The government must, at some point soon, take the plans off the shelf and carry privatisation through. Mail might actually get to its destination then.Troubles within the Royal Mail roll on, with a national postal strike likely in the near future. This adds to the disruption still being felt after recent industrial action, which has lead to serious delivery problems across the country; millions of items of mail have yet to be delivered.

Unions are unhappy about the Royal Mail’s modernisation plans. Redundancies have already taken place, and plans for greater mechanisation of sorting – for instance – will likely lead to more, but more than anything they feel Royal Mail management has handled the process badly. Royal Mail’s bosses retort that these are the only way the post office can remain a sustainable business, in light of the falling volumes of post.

What is to be gained from initiating a national strike? The Union’s view it as a means to begin resolving the dispute over pay, pensions and working practices. But a strike carries the risk that major Royal Mail customers will begin to seek alternative delivery methods; newspapers report today that Amazon has already begun looking for alternative methods of sending items over 500g, a contract apparently worth over £25 million. Union members should be weighing up whether striking is the best course of action, not only as the run up to the busy Christmas period begins, but also because it could continue to drive away the custom from small businesses and larger companies that keeps postmen in work.

Postmen’s minds though, appear to be made up. Even before formal union action has been agreed, some Royal Mail postmen have decided to save themselves the hassle of carrying parcels on their delivery routes, deciding instead that recipients make the journey to the post office themselves. The Telegraph reported yesterday that some postmen have taken to delivering ‘sorry, you were out’ cards instead of the parcel itself. Intended recipients, needless to say, were very much at home. No doubt this low-level protest by postmen reflects their concerns over new plans to extend the daily delivery times, up to 3 hours for the average on-foot postman, but it's still pretty appalling – and self-defeating – behaviour. The public pay to send post, and they expect it to be delivered (or at least attempted to be delivered).  If the postmen are looking for public support, this isn’t the way to go about it.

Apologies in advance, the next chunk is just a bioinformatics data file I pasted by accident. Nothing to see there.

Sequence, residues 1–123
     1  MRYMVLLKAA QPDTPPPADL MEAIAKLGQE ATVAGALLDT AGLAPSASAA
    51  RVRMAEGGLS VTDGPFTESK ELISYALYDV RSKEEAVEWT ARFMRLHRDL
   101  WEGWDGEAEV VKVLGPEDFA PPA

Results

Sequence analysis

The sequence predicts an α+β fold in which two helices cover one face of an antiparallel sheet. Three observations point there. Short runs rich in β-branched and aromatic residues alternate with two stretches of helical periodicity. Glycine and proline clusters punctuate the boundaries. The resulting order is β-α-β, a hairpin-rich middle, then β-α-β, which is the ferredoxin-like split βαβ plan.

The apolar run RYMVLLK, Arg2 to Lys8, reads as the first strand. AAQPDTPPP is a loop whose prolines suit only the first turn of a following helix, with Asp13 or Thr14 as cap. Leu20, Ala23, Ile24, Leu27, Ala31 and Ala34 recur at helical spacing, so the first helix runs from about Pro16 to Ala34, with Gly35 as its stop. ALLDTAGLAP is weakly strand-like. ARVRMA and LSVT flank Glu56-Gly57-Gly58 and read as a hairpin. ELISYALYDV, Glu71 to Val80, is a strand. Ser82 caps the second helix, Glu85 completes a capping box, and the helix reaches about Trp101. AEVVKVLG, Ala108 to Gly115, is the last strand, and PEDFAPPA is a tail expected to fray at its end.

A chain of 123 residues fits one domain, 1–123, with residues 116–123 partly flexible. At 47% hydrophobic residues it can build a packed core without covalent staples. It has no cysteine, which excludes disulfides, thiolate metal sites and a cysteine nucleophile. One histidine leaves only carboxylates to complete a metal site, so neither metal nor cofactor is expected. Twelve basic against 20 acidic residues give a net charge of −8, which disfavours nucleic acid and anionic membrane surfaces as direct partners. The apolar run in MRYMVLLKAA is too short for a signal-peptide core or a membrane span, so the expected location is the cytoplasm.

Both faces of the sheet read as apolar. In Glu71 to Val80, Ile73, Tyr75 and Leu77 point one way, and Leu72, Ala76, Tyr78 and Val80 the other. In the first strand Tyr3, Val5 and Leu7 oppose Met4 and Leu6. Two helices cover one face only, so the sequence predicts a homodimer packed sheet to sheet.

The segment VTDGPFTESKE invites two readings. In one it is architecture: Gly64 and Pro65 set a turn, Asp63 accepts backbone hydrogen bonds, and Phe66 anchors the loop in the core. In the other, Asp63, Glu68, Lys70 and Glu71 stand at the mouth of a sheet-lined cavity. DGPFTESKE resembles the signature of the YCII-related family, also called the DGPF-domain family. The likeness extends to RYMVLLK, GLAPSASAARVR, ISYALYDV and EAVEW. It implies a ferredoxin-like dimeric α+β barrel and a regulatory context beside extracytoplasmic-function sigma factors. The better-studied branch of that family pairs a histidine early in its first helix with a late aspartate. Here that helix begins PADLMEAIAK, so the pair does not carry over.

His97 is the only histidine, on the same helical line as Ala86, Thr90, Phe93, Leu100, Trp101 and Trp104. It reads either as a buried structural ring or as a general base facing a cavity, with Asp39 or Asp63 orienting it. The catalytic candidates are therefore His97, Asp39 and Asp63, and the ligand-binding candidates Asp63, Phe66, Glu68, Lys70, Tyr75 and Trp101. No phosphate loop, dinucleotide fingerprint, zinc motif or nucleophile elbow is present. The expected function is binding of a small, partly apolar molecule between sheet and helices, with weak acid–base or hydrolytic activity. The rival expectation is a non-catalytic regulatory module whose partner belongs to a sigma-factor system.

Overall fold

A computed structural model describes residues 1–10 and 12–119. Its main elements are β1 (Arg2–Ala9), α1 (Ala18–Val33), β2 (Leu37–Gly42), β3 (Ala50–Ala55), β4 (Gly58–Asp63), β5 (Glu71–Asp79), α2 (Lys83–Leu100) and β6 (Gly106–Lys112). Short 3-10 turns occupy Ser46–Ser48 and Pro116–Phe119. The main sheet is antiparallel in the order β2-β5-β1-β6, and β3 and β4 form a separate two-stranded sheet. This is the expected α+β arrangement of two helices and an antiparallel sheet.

But then postman probably aren’t looking for public support at this point. They're locked in a battle with their management, and the public are just collateral damage. Would such dysfunction happen if Royal Mail were a well run company? Probably not. Would it happen if Royal Mail wasn't still dominated by a fairly militant union? Probably not. Elsewhere, where countries have gone through the pain of privatising their post offices (which EU rules effectively demand), such behaviour by postmen would be stamped down on hard. Their systems rely on delivering excellent service, and a greater number of checks and restraints – to both motivate and regulate workers – are in place. Royal Mail remains caught in a limbo between nationalisation and privatisation, a situation that is leading to ill management, staff disgruntlement and an increasingly deplorable service for customers.

The government must, at some point soon, take the plans off the shelf and carry privatisation through. Mail might actually get to its destination then.